Ambulance: Oroville Council hears concerns about 'level of care'

“The entire community will suffer if we go to a private service.” Mark Bordwell, concerned citizen

Lifeline Ambulance Service meets city’s qualifications

OROVILLE – While no one could point to a situation where the “level of care” was less now that the Emergency Services District has gone to Lifeline for ambulance service, the phrase continues to come up at Oroville City Council meetings.

That concern was emphasized by Mark Bordwell, a vocal opponent of the switch to the private ambulance service. Bordwell’s wife served as a volunteer EMT for the EMS District for several years. Lisa Bordwell and her fellow volunteers gave the city an ultimatum when they all submitted their resignation letters to the city stating they would resign at the end of August if, among other things, something wasn’t done to alleviate the shortage of qualified EMTs available to respond to calls.

Stating the city had been backed into a corner, the city council and the Okanogan County Commissioners hired Lifeline Ambulance Service as an emergency measure to fill in while a final decision was made as to how they felt the district could best be served.

“My concern is the level of care being provided by the ambulance service,” said Bordwell at the Tuesday, Sept. 15 council meeting. “The rural area requires three people on the ambulance, while we have two (through Lifeline) it may be legally, but not morally right. You can try CPR with one person, but you can’t do modern CPR.”

Bordwell said that when the two member Lifeline team responds to a scene and has to transport someone to the hospital they have to retone for a volunteer firefighter to drive the ambulance while the two EMTs take care of the patient in the back.

“For years 95 percent of the time we’ve had three people respond to the scene. And what happens if we have two injuries, we’d need two ambulances to transport,” said Bordwell. “The way it is now we can’t run a second unit ever. We shouldn’t have to rely on Tonasket sending a unit to cover for us. That means the city and Lifeline are not providing the level of care we are used to.”

Bob Garrison (left) and General Manager of Wenatchee-based Lifeline Ambulance, Inc., give Oroville's ambulance  a quick cleaning on Friday morning. Gary DeVon/staff photo
Bob Garrison (left) and General Manager of Wenatchee-based Lifeline Ambulance, Inc., give Oroville’s ambulance a quick cleaning on Friday morning. Gary DeVon/staff photo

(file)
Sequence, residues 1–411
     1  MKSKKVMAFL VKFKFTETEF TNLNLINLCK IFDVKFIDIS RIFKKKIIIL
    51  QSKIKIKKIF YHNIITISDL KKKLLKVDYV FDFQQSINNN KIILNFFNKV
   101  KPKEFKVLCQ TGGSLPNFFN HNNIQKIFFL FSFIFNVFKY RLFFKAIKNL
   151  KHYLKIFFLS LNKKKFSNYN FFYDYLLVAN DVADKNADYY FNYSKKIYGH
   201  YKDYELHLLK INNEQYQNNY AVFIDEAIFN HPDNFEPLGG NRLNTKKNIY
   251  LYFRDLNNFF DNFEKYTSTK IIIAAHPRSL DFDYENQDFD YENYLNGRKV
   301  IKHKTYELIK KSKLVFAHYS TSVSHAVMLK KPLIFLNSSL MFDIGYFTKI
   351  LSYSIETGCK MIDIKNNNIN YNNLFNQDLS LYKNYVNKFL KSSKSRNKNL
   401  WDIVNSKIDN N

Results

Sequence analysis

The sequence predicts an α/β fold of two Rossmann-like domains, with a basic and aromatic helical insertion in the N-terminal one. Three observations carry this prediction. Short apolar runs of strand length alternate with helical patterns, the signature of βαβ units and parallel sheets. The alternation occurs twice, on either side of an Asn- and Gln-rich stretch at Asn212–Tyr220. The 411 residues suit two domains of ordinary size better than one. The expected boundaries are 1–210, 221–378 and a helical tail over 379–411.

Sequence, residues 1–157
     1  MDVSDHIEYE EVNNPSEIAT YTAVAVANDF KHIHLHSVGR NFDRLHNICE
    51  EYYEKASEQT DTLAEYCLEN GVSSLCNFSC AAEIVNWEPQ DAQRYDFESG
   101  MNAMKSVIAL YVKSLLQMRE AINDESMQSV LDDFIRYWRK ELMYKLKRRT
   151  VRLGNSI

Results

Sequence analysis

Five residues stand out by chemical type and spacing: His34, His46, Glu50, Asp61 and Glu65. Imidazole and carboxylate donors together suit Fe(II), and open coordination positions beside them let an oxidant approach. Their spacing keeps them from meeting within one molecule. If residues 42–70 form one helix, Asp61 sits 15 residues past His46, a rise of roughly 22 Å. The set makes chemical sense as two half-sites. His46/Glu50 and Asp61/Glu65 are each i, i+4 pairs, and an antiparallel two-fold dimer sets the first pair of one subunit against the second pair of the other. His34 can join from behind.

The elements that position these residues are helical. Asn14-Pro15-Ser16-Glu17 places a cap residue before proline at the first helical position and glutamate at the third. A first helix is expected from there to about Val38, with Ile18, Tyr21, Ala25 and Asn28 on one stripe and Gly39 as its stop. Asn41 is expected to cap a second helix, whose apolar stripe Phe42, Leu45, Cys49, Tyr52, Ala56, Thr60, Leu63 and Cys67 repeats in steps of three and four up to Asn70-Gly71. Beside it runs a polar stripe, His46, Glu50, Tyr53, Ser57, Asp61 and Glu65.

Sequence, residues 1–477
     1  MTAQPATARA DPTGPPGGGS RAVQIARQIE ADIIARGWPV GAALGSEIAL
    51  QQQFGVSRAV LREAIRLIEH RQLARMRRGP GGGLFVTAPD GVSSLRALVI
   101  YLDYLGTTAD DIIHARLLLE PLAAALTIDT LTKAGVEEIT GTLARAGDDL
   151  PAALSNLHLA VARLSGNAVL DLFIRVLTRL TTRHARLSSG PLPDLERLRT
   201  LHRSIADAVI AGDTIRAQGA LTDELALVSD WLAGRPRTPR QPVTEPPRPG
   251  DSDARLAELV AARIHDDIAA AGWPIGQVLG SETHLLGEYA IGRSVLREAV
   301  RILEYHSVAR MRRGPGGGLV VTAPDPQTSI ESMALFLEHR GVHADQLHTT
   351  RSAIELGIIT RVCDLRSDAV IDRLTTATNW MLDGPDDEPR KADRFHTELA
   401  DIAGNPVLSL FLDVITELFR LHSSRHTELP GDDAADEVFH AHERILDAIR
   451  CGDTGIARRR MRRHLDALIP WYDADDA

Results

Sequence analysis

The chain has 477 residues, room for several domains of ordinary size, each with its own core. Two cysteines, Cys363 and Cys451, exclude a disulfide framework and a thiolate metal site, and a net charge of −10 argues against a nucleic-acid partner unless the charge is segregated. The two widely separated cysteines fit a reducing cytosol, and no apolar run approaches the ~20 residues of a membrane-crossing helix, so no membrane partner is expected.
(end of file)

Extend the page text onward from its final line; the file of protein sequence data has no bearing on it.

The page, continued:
Bordwell said the concern about the EMS not being able to get enough volunteers has been going on for several years. He said Chris Allen, who was named the spokesman for the former ambulance crew, was not the cause, “just the final straw.” He said the concerns of the volunteer crew had been ignored for too long.

“Too bad this much effort hadn’t gone into solving the problems. Not once did you all get together and talk this out. The EMS crew was drowning, Chris Allen threw them a lifeline,” Bordwell said.

Bordwell also chided the city’s ambulance committee, Councilmen Tony Koepke and Jon Neal, for not attending Rural EMS meetings. However, Bordwell apologized when Councilman Koepke informed him that he was at nearly all the meetings to which he referred.

“The entire community will suffer if we go to a private service,” concluded Bordwell.

After Bordwell was done making his statement, Mayor Chuck Spieth said, “If that’s all you have we’re going to move on.”

The city and county have made a Request for Qualifications (RFQ) and they received replies from both Lifeline Ambulance Service and North Star Ambulance, a company put together by Allen with the former volunteers as its employees.

Chris Branch, the director of Community Development, explained that the city had determined that Lifeline met the qualifications desired by the city, while North Star fell short. He said the new company could not prove that it had the accounting and administrative structures in place, nor insurance to cover liability. While the city may have approved of Lifeline’s RFQs the county, through the Okanogan County Commissioners, still plays a part in any final decisions. If Lifeline is chosen by both parties, representing Oroville and the rural EMS, to continue providing ambulance service, then both parties will decide how they will negotiate with the company for services and at what level, explained Branch.

The Emergency Services District is made up of two distinct taxing districts that work in tandem to provide emergency care and transportation – city and rural. The boundaries for the EMS District are the same as the Oroville School District. The city has been administrating the district though and interlocal agreement with the county.